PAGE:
Colorwork Tutorials
4 Ways to Seamlessly Change Colors for Amigurumi

4 Ways to Seamlessly Change Colors for Amigurumi

Have you ever worked on an amigurumi project that involves color changes? Maybe the head is a different color than the body or you’re trying to create stripes? Changing colors isn’t hard in and of itself, but it can leave a pretty noticeable line. While this is fine for some things, it can be frustrating to have all your hard work derailed by such a small imperfection. That’s why today we’re going over 4 ways to seamlessly change colors for amigurumi.

4 Ways to Seamlessly Change Colors for Amigurumi

I spent the last few days researching various methods to get rid of that pesky jagged edge that comes from regular color changes and what I learned is that there’s a TON of ways to do it. Like with all things in crochet, steps can be modified endlessly so even the same technique can look different between two different crocheters.

If you’re unfamiliar with changing color in amigurumi, check out this article first: Quick Guide to Color Changes in Amigurumi.

So that’s why I narrowed it down to 4 techniques that will give you a good base for understanding how to get seamless lines. Feel free to pick your favorite or experiment by combining different steps. I want you to walk away with options so you can pick the method that best suits your style.

All 4 of the following samples are made on a base piece that’s 24 stitches around. If you’d like to follow along and create your own sample, use the instructions below:

Working in your first color (Color A):

Rnd 0: MR6 (create a magic ring and work 6sc into it)

Rnd 1: inc 6 times. (12)

Rnd 2: [inc, sc] 6 times. (18)

Rnd 3: [sc, inc, sc] 6 times. (24)

Rnds 4-7: sc around. (24)

You can also follow along with this video tutorial!

1. Half Color Change

Image by Chanel of cbfiberworks.

In this first method, we’ll be using a technique called half color changes. This keeps the first color on the bottom and the new color on the top. This particular technique succeeds in creating smooth lines of stripes, but depending on your tension it can create a slight indent in the outline of your work. (That’s why my sample bean looks a bit misshapen.)

Furthermore, the joins created by the slip stitches aren’t my favorite, but overall I think it completes the assigned task of creating seamless stripes.

half color change tutorial photo for blog post
Image by Chanel of cbfiberworks.

Half Color Change Instructions:

To do this you first need to have finished the last stitch of the round with your new color (B). Then, insert your hook into the next stitch, yarn over with Color A and pull up a loop. Yarn over with Color B and pull through both loops on the hook.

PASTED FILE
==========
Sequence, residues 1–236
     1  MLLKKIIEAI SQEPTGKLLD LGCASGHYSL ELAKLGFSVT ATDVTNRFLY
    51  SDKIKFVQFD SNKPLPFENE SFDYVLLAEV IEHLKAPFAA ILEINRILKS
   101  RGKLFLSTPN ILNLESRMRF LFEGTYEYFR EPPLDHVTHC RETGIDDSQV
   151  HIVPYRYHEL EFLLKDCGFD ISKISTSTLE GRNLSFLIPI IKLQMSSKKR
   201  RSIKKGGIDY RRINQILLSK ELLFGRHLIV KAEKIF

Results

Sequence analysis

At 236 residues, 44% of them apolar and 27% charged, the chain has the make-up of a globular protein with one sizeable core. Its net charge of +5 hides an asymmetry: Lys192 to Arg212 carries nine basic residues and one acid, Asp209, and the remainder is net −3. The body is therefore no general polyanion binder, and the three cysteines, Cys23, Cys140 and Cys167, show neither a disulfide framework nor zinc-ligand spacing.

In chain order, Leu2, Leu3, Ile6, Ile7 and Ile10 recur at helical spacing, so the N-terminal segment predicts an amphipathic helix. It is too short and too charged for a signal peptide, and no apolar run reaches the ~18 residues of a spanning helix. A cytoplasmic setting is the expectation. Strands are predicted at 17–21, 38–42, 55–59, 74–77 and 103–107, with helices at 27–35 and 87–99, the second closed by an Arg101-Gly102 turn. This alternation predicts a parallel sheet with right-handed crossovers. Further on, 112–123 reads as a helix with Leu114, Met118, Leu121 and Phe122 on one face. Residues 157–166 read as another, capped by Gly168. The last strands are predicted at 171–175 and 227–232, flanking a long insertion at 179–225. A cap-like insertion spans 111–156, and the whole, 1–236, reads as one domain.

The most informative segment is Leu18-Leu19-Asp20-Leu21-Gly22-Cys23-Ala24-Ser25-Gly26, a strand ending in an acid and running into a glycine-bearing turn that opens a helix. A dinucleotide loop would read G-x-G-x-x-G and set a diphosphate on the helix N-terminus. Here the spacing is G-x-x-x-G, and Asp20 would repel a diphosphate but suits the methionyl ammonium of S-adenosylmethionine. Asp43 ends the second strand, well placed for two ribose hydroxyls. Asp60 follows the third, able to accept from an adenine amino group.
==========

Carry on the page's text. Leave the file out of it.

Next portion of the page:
With the half color change instructions in mind, let’s continue the sample. Start Rnd 8 with Color A.

Rnd 8: sl st, ch 1 with Color B, starting in the same st that you slip stitched into: half color change single crochet around. (24)

Work Rnd 9 using only Color B.

Rnd 9: sl st, ch 1, starting in the same st that you slip stitched into: sc around. (24)

Rnd 10: Repeat Rnd 8, but this time starting with Color B and switching to Color A.

Rnd 11: Repeat Rnd 9, but only using Color A.

You can repeat these steps to create as many stripes as you like. After completing my second stripe, I closed up by sample by decreasing evenly, adding stuffing and sewing up the hole.

2. Loop Join: Version 1

loop join example photo for 4 ways to seamlessly change colors for amigurumi
Image by Chanel of cbfiberworks.

For this next method, we’re going to be manipulating the working loop a bit to join rounds. There is still a slight jog in the stripes, but it’s definitely less noticeable.

To follow along with this sample, follow the instructions above for Rnds 0-7, then continue below:

Change to Color B in the final stitch of Rnd 7.

Loop Join: Remove the working loop from your hook. Coming from the back (or inside) of your work, insert your hook into the next stitch. Place the working loop back on the hook and pull it through to the back of your work. (Make sure to keep your yarn tail behind your hook as well.) Don’t ch 1. Work the first stitch of the round into the same stitch that we pulled the working loop through.

Work Rnds 8 and 9 in Color B.

Rnd 8: sc around. (24)

Rnd 9: Don’t loop join. Work directly into the first stitch of Rnd 8: sc around. (24)

Switch to Color A in the final stitch of Rnd 9. Loop join and continue working only in Color A.

Rnd 10: sc around. (24)

Rnd 11: Don’t loop join. Work directly into the first stitch of Rnd 10: sc around. (24)

Repeat Rows 8-11 as many times as you like to create as many stripes as you want. Like with the previous method, I just created two stripes before decreasing evenly to close up my sample bean.

loop join version 1 tutorial photo for blog post
Image by Chanel of cbfiberworks.

3. Loop Join: Version 2